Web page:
Black Citizens Became Mental Health Counselors

How Black Citizens Became Mental Health Counselors for African American Men

Ray Canner identified Detroit’s desire to be a barber at a young age. And he is the best Mental Health Counselors. When he grows up, he is abused. He saw his mother addicted to drugs and alcohol during the war. He often went to bed hungry. When he needed to escape, he landed at the bar shop on his lawn, traveling eight miles to get some new cuts and some companionship from Jesse. This relationship gave him the gift of the dark days of life.

“Jesse may not remember me, but he saved my life as a dad when I was little, and now he’s just a master barber, not a barber trainer,” Connor wrote in a Google review of the store a few months ago. Connor, located in Johnson City, Tennessee, was inspired to become both a barber and a mentor in the face of adversity from young black men.”If I can give what he has given me, I know I’m doing something great,” Connor told CNN.


The Project Alliance

The Project Alliance, a nonprofit conference designed to help black men and boys transform into the best version, held a workshop in its town early last year. Connor knew at that moment that he needed to be involved dor Mental Health Counselors. He was amazed at how the organization’s founder, Lorenzo Luis, spoke openly about his plight. Through the alliance, he was not only shown how to take better care of his mental health but was also given tools to give his clients the same support.

Systematic racism has created a unique need to support black communities, yet national data show that many African American communities are under-represented in low-income and behavioral health care with fear. The past year has exacerbated these challenges. The epidemic has profoundly affected African Americans, and repeated incidents of racial injustice and police brutality have exacerbated the need for mental health care for black communities.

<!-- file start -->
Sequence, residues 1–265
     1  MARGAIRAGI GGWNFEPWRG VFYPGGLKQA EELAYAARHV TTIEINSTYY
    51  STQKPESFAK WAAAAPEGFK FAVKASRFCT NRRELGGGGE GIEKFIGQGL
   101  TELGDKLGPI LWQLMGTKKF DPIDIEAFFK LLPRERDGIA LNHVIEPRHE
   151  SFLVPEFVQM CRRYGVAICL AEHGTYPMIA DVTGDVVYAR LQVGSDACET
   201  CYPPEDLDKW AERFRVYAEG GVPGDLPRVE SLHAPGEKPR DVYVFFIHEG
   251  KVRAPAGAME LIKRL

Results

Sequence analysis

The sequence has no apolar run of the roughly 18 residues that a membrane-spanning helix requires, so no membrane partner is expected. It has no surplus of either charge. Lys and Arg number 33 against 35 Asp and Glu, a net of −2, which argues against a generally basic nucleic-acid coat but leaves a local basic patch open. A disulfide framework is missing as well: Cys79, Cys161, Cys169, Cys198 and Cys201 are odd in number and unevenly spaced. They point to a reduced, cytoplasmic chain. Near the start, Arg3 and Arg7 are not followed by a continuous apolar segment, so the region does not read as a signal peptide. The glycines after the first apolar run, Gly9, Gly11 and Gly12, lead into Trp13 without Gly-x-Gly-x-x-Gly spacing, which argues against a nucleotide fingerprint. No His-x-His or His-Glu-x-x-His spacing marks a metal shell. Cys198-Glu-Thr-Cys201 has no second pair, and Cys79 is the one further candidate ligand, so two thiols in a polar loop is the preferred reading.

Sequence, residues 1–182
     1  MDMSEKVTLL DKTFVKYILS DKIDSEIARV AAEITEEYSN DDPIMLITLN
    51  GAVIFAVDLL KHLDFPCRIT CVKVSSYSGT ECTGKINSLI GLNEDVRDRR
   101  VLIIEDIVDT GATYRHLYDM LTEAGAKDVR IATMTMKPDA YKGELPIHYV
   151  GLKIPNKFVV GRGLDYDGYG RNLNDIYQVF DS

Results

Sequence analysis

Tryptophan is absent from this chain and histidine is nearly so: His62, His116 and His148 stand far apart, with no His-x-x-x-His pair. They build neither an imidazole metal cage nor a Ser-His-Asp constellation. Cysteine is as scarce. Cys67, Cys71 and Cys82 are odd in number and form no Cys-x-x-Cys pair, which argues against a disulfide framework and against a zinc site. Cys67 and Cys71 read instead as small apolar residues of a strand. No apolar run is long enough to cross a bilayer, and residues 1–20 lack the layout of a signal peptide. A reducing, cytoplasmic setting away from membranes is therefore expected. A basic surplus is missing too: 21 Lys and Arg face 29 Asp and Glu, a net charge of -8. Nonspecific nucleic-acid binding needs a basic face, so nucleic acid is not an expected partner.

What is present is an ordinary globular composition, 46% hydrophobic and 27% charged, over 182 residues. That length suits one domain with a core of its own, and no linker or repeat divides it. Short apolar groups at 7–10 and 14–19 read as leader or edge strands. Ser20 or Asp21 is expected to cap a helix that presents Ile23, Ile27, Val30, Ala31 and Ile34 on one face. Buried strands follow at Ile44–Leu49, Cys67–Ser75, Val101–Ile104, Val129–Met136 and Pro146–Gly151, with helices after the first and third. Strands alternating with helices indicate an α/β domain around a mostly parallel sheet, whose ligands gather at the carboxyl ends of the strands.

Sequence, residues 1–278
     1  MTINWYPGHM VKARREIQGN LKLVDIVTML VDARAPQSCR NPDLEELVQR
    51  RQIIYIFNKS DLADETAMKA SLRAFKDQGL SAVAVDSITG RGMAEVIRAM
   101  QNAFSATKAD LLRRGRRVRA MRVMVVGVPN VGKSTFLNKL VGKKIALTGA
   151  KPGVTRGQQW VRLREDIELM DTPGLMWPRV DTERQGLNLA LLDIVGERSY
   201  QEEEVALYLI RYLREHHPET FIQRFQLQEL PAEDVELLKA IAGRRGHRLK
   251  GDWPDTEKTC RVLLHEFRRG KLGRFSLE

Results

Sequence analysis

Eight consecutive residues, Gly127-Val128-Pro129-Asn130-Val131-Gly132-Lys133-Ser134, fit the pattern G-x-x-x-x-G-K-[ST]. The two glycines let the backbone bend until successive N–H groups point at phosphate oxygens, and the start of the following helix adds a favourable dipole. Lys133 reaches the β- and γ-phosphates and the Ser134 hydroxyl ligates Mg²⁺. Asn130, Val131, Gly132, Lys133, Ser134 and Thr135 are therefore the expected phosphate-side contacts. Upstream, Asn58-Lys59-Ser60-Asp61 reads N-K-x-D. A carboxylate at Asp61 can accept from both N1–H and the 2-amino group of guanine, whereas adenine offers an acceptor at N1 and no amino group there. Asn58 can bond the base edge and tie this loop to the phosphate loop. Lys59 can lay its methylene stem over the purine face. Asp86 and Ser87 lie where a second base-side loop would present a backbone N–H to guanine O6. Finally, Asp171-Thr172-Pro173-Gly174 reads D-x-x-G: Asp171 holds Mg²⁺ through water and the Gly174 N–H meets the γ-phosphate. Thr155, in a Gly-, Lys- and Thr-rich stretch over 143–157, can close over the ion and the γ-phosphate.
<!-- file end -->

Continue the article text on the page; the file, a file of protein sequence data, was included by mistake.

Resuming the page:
Confess Project

The goal of the Confess Project is to close the gaps in mental health care by providing a safe place for people to speak openly about the struggles they face. Instead, it has created a support network among citizens. Since its inception in 2016, the Barber Coalition has spread across sixteen cities in the Southeast and Midwest and trained more than 200 people as mental health counselors in their communities.

Coronaviruses online have forced online promotions for the most part but have also given them new opportunities to grow through their increased digital presence. The group hosts online training courses for members, group support calls, and individual check-in to block the epidemic and lead to lockdown and social distance.


More than a haircut

For African American men, the self-care of sitting in a barber seat is much more than personal aesthetics. Darnell Rice, director of the Confess project and director of employment, said: “It’s the pinnacle of the community.

Most tools are already trained to build relationships and build trust with their clients. Lewis goes one step further by training them on how to stay engaged in activities. Listening and how to train their clients about the problems in their lives. From there, grandchildren are trained in stigma reduction and legitimacy so that they can provide clients with positive empowerment for what is happening.


Details should be considered: angles, haircuts, and mental health.